BACKGROUND: The treatment of complex anocutaneous fistulas remains a major therapeutic challenge balancing the risk of incontinence against the chance of permanent closure.
OBJECTIVE: The purpose of this study was to investigate the efficacy of a nitinol proctology clip for closure of complex anocutaneous fistulas.
DESIGN: This is a single-center cohort study with retrospective analysis of all of the treated patients.
SETTINGS: Data were obtained from patient records and MRI reports, as well as follow-up telephone calls and clinical follow-up with endoanal ultrasonography.
PATIENTS: All of the patients were treated for high transsphincteric and suprasphincteric anocutaneous fistulas at the Digestive Disease Center, Bispebjerg Hospital, between May 2013 and February 2015.
INTERVENTIONS: All of the patients were treated with the nitinol proctology clip.
MAIN OUTCOME MEASURES: Primary outcome was fistula healing after proctology clip placement, as evaluated through clinical examination, endoanal ultrasonography, and MRI.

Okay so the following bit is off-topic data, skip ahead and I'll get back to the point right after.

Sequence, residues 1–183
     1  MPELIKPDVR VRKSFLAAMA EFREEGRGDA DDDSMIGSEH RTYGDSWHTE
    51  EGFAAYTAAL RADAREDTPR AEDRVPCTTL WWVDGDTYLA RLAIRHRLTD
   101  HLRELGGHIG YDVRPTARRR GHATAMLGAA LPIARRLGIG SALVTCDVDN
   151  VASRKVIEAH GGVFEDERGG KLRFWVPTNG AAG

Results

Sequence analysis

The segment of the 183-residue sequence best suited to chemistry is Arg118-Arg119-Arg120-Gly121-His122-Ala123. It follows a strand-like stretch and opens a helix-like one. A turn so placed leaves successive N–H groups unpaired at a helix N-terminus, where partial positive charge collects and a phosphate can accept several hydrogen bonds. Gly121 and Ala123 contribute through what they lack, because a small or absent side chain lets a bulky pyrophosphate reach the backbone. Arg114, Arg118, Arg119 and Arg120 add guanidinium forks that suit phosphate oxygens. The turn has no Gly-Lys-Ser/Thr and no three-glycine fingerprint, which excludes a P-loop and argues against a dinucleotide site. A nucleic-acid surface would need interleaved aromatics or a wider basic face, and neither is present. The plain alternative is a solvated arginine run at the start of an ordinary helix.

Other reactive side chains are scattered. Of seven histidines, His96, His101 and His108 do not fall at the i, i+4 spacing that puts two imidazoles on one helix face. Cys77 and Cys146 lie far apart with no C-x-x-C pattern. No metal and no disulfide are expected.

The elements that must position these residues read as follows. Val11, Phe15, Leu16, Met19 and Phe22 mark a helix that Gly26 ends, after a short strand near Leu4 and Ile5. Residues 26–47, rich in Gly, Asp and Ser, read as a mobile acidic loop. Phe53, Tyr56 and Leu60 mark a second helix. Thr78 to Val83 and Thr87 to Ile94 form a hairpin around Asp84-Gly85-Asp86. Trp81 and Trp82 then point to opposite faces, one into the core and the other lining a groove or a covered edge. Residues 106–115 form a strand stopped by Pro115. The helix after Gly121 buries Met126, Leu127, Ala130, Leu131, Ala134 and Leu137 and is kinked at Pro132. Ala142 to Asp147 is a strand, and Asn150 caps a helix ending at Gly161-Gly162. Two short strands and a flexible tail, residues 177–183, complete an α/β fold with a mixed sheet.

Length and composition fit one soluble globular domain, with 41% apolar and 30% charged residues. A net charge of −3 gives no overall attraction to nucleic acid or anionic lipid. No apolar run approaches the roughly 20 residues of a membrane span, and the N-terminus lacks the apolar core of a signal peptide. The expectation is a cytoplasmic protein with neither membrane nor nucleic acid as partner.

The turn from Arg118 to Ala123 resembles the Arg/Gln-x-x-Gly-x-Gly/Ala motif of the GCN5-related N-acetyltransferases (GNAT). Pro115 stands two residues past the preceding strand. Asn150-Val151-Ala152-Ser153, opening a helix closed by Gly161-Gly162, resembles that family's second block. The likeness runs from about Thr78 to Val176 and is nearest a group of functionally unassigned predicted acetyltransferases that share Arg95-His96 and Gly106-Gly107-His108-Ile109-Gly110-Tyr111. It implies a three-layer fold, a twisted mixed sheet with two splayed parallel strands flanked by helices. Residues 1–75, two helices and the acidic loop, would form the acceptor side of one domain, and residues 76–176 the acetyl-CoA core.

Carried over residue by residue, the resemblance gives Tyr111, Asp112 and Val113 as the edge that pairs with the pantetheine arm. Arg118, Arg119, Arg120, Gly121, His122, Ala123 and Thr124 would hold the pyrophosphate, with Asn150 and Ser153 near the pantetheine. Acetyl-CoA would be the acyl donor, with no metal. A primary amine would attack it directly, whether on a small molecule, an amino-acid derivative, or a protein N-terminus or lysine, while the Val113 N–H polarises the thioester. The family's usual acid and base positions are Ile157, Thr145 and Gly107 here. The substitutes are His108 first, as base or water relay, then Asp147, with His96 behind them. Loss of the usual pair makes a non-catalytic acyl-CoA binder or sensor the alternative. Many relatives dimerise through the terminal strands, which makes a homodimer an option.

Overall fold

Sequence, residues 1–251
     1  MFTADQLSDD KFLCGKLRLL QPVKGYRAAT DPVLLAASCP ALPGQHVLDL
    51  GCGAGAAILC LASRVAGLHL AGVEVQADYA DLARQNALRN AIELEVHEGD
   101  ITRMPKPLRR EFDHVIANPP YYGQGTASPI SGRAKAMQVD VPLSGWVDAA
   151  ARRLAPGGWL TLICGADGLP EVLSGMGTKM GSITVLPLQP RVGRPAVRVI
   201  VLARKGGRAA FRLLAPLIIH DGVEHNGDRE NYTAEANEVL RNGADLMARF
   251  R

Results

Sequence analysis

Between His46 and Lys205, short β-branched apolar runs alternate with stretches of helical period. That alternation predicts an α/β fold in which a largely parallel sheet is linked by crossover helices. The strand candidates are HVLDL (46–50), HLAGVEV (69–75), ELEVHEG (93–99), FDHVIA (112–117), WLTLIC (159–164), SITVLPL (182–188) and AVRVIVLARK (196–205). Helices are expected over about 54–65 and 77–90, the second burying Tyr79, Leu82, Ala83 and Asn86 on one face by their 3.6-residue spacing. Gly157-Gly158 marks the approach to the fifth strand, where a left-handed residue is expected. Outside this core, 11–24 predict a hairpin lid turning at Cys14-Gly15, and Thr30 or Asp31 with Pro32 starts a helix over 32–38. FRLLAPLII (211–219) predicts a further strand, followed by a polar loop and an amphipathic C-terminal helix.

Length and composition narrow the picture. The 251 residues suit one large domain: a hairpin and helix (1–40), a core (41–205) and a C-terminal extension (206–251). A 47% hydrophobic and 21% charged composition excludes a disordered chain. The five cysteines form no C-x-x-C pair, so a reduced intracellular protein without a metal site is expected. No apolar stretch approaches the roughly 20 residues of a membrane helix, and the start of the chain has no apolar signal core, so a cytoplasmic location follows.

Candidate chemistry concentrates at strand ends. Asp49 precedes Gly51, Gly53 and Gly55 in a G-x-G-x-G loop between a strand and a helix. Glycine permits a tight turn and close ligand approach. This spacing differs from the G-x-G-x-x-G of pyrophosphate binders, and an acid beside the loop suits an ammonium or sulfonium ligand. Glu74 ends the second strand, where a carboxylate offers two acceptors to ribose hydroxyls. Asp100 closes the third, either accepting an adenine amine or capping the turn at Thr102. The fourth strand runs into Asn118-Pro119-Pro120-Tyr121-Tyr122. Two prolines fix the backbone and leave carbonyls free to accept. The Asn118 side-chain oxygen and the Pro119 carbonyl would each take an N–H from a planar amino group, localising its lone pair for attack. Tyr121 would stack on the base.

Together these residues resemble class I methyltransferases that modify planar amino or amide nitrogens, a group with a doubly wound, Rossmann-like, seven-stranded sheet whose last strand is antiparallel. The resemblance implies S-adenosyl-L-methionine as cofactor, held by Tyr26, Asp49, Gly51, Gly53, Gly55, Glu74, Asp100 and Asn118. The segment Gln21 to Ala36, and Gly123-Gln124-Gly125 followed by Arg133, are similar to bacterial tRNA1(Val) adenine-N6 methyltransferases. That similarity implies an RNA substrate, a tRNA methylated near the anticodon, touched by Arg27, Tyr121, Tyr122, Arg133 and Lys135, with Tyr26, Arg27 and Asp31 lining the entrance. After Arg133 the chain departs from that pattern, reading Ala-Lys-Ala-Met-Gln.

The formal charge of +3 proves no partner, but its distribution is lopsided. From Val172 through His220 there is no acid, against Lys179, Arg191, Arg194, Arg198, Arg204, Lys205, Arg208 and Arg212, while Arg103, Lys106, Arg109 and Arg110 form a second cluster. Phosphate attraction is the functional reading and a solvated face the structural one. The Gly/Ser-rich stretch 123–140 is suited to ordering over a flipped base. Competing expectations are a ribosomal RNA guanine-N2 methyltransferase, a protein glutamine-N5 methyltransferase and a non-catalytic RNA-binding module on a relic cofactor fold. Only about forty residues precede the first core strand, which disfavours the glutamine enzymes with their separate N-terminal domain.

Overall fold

RESULTS: The fistula healing rate 1 year after the clip procedure was 54.3% (19 of 35 included patients). At the end of follow-up, 17 (49%) of 35 patients had persistent closure of the fistula tracks. No impairment of continence function was observed. Treatment outcome was not found to be statistically associated with any clinicopathological characteristics.
LIMITATIONS: The study is limited by its retrospective and nonrandomized design. Selection bias may have occurred, because treatment options other than the clip were available during the study period. The small number of patients means that there is a nonnegligible risk of type II error in the conclusion, and the follow-up may be too short to have detected all of the failures.
CONCLUSIONS: Healing rates were comparable with those of other noninvasive, sphincter-sparing techniques for high-complex anocutaneous fistulas, with no risk of incontinence. Predictive parameters for fistula healing using this technique remain uncertain. See Video Abstract at http://links.lww.com/DCR/A347.